Anti-nuclear weapons scientist speaks in Manchester
|Starts:||19:15 10 Jun 2009|
|Ends:||19:15 10 Jun 2009|
|What is it:||Lecture|
|How much:||The event is open to the public and admission is free, but pre-booking is required. People interested in attending should email Sebastian Rees at Sebastian.firstname.lastname@example.org to reserve a place.|
A mathematical physicist who was instrumental in a Nobel Peace Prize-winning scientific movement against nuclear weapons will speak at The University of Manchester on Wednesday 10 June.
Prof Francesco Calogero from the University of Rome La Sapienza will introduce the documentary ‘The Strangest Dream’, which tells the story of Joseph Rotblat’s efforts to halt nuclear proliferation.
Nuclear physicist Rotblat co-founded the Pugwash Conferences on Science and World Affairs - an international movement that brings together influential scholars and public figures concerned with reducing the danger of armed conflict.
The fascinating Eric Bednarski film brings to light Pugwash’s behind the scenes role in defusing some of the tensest moments of the Cold War.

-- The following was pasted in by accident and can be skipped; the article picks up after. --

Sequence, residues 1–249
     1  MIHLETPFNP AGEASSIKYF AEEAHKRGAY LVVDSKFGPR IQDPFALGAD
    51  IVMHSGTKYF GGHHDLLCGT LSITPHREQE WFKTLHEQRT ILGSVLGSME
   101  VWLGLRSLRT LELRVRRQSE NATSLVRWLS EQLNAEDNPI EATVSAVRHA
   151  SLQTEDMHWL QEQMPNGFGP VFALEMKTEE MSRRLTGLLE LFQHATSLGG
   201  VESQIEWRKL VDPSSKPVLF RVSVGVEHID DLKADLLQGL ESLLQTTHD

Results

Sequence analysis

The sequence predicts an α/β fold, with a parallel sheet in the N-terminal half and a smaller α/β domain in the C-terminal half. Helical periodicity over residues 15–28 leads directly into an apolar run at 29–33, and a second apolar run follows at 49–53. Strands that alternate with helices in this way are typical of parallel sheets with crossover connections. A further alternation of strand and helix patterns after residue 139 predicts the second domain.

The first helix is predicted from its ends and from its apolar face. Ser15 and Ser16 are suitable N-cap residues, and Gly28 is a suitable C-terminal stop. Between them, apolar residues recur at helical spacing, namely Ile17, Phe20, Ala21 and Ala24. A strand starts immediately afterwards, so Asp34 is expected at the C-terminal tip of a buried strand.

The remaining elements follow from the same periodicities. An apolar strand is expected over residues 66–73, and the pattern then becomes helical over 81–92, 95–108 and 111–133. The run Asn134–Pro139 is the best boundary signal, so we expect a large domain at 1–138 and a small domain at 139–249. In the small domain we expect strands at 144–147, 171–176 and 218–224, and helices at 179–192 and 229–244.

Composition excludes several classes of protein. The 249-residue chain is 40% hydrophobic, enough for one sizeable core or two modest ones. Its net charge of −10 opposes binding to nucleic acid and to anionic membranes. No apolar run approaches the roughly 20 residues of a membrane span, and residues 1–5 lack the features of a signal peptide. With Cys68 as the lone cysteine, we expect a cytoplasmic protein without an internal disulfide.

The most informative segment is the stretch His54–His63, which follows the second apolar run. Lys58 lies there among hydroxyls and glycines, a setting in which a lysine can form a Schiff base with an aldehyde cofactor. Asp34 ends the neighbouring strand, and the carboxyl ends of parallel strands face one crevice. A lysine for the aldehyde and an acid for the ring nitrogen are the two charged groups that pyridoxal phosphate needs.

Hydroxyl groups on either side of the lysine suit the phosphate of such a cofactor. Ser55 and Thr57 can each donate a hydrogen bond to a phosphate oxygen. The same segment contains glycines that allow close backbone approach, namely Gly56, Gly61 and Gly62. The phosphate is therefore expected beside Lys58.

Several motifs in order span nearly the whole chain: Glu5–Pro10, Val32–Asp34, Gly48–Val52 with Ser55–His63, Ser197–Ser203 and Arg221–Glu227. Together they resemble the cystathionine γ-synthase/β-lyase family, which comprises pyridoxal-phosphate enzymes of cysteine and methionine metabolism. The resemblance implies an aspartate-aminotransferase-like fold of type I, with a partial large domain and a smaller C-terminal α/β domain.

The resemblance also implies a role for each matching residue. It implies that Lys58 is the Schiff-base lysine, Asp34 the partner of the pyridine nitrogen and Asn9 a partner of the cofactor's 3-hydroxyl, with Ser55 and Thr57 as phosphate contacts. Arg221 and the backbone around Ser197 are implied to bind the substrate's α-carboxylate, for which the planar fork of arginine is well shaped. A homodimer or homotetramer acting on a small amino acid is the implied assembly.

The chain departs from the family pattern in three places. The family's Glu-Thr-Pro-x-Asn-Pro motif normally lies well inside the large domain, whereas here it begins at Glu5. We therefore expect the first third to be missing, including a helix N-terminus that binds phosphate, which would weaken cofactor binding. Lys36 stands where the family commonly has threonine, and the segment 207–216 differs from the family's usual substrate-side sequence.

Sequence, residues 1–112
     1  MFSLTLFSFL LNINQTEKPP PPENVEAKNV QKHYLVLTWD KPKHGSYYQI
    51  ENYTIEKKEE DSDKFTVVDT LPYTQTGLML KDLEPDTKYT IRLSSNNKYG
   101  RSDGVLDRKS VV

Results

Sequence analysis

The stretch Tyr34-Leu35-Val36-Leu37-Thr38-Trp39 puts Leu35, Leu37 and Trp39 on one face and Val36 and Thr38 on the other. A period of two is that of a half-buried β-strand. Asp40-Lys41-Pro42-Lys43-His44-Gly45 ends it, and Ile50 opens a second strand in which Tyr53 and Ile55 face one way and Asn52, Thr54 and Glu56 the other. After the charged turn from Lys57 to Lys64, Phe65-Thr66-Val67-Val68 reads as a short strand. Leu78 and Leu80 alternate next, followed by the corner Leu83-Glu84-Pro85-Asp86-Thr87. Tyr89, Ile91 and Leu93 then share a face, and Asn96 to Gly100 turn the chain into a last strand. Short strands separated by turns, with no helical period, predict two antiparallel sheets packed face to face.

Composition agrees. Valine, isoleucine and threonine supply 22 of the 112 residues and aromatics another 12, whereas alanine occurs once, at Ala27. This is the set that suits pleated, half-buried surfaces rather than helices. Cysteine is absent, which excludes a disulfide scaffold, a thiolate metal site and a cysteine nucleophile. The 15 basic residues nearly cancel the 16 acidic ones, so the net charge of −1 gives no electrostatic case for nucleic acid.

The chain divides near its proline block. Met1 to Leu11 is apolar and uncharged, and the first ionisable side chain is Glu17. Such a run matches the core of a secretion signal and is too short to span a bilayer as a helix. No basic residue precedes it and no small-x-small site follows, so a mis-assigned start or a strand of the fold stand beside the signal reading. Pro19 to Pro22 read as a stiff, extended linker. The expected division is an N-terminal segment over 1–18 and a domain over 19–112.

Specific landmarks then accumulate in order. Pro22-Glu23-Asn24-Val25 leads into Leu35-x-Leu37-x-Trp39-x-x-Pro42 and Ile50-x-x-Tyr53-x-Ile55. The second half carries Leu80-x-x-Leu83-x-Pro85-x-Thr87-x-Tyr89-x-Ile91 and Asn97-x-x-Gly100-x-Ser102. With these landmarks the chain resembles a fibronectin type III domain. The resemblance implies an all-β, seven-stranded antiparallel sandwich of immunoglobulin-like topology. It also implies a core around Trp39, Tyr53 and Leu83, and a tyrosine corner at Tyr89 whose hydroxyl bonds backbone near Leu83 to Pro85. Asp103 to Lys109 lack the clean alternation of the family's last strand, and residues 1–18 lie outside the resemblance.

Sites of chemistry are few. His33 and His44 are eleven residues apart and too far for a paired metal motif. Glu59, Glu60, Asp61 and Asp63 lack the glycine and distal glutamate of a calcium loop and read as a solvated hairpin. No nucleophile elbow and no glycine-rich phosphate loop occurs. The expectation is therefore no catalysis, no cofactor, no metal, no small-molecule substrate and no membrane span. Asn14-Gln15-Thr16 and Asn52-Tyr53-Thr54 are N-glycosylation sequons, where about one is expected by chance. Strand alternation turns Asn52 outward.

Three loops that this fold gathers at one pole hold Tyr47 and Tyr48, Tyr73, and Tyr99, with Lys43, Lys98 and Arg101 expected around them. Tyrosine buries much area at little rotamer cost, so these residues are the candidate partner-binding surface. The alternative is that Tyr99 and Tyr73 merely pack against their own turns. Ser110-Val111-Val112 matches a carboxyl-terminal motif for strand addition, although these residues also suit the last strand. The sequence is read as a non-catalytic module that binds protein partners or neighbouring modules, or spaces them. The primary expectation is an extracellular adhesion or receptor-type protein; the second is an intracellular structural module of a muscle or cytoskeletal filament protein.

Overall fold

As well as being a world-renowned scientist, guest speaker Calogero served as Secretary General of the Pugwash Conferences – and in 1995 accepted the Nobel Peace Prize on behalf of Rotblat and the organisation.
The screening of the film will be followed by an opportunity to put questions to Prof Calogero about his work and that of the Pugwash movement.
The special screening is part of the Robin Bullough Symposium at The University of Manchester, which celebrates the life and work of the late Manchester mathematical physicist, who died last year aged 78.
Bullough was best known as one of the discoverers of the soliton, a remarkable kind of self-reinforcing and solitary wave.
He proposed the idea of a soliton-based transmission system to increase performance of optical telecommunications and this is now commonly used in trans-oceanic optical fibre communication.
Bullough’s discoveries also led to revolutions in nonlinear mathematics and nonlinear physics and may ultimately play a role in the new sciences of quantum computing.
He joined The University of Manchester (then UMIST) in 1961 and was promoted to the Chair of Mathematical Physics in 1973. After retiring in 1995 he had held a position as Emeritus Professor at the University until his death in August 2008.
Price: The event is open to the public and admission is free, but pre-booking is required. People interested in attending should email Sebastian Rees at Sebastian.email@example.com to reserve a place.
Travel and Contact Information
Students' Union Oxford Road (also at number 9)